The advantage with these boxes is that they are ready-made and the only things left to modify is the light-proofing capability as well as make a hole. I used mostly electrical tape, gaffer tape and some packaging carton paper and a paper cutter. The camera can hold up to 5x7in paper negative, it has an aperture of 108.33 and a working aperture of 128. The focal length is 70mm, but it can be adjusted to smaller focal lengths. The size of the hole is about 0.6mm and that can change when need to. I tested it and there were no light leaks.
Because with this pinhole I didn’t plan and just added up features along the way, it had some small issues. So I decided to start a new one from scratch, build it after I have designed it and buy proper material instead a ton of tape. I bought some pva glue, more tape if in need, found more carton paper and started. My main concern was to make it light-proof without compromising its outer structure so as to open and close like it was made to. Unfortunately it’s not ready yet, because other things came up but I have got photographs of it to show you how it looks so far.
As explained in the first post on Basic Pinhole, camera obscura works on fundamental principles of physics and it’s fairly easy to make one yourself. So right after we finished the Advanced Pinhole session with George, we had planned to convert a room into a giant pinhole. George had with him big pieces of black paper to cover the windows and tape. I took us while to cover every window of the room, but in the end we had a pitch black room.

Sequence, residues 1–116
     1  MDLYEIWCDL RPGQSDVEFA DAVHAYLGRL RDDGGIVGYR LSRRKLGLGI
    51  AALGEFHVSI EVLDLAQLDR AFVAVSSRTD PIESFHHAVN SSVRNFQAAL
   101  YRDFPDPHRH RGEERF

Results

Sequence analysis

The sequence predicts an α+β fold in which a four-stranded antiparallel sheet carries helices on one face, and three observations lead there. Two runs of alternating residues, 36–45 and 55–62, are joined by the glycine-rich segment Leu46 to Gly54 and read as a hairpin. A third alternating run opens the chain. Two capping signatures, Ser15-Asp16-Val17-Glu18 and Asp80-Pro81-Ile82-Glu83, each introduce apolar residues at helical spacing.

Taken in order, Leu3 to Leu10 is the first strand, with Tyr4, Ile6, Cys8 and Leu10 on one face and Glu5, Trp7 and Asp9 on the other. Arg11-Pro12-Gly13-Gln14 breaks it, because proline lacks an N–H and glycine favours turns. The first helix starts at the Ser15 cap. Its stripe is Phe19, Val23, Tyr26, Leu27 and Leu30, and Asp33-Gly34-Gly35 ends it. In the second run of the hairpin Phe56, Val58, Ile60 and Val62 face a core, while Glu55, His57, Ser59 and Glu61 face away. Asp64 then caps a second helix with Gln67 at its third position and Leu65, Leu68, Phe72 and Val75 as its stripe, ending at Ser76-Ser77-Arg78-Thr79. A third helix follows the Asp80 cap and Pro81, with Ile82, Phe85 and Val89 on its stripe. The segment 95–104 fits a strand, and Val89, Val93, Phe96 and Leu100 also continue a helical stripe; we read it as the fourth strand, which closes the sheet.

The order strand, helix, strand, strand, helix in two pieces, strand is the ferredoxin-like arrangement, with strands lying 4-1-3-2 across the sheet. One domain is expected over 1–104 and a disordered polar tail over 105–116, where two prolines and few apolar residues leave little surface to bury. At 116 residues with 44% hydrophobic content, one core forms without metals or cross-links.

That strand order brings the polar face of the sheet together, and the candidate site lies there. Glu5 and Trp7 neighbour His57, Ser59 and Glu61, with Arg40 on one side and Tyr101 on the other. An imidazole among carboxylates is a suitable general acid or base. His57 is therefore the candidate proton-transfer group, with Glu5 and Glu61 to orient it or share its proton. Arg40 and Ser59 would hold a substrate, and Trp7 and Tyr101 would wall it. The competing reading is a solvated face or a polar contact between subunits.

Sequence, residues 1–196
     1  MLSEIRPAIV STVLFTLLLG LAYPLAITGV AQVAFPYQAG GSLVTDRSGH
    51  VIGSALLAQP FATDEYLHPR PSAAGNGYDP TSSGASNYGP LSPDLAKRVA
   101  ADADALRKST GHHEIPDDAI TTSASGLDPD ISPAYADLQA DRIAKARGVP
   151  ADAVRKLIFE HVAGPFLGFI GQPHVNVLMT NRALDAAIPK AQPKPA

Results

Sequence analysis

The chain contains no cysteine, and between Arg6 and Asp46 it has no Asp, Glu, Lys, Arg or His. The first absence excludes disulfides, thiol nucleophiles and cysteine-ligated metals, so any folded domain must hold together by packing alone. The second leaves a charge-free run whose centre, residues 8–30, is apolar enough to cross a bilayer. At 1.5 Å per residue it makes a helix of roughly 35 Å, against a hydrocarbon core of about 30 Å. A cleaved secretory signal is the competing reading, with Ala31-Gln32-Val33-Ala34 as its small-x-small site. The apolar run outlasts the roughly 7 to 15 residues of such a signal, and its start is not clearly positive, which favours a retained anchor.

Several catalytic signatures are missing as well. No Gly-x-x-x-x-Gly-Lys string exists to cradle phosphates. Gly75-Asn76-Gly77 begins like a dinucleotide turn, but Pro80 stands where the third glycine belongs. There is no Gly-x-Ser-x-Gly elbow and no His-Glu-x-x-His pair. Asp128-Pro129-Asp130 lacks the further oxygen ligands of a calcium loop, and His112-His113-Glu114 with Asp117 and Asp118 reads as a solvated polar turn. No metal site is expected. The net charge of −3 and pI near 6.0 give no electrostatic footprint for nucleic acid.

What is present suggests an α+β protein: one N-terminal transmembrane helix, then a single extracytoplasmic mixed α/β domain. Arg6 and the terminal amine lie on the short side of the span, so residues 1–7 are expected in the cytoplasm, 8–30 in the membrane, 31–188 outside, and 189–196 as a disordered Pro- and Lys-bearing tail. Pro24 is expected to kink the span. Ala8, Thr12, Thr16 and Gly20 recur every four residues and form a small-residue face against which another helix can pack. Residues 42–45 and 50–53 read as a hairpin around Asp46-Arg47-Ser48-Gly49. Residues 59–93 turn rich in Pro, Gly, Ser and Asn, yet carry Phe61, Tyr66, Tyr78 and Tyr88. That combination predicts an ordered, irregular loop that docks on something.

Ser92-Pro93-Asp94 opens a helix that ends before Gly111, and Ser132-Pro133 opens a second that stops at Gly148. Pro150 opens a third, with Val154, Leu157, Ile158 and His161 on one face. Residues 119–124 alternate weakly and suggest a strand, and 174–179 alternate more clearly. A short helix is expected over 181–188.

The area behind the window, where the light will be projected had a magnetic wall material, which allowed us to hang the photo-sensitive paper. The paper was about 4 x 1.5 metres and quite heavy to hold it with magnets. That is why the project was better in this collaborative way of working instead individual work. Two people were holding the paper still; one person was operating the shutter, two people taking readings with light meters in and out of the camera obscura. Melissa Stapleton was operating the digital camera and of course everyone helped out in light proofing the room. When we were putting up the paper we used a couple safelights in order to find our way in the room.
Thanks to a useful application on my phone I was able to take readings of the environment outside the camera as well as keep them logged.
Below are some digital photographs from inside the camera obscura, taken by Melissa Stapleton.
After we exposed the paper we rolled it up and put in two lightproof bags and moved it straight in the darkroom. We cleaned up the room and head to the darkroom to find out how we were going to develop this massive negative. We used two big tanks we have in the darkroom. The first one filled with developer and the second one with water. Happily Jason Tilley was around at the time and he gave us hand rolling the negative in and out of the developer, the water bath, the fixer and finally washing it. We sure did a mess in the darkroom, but it worth the time and effort.
Below is the converted digital positive of the negative, by George Rippon.
Finally a photograph from the inside of the camera.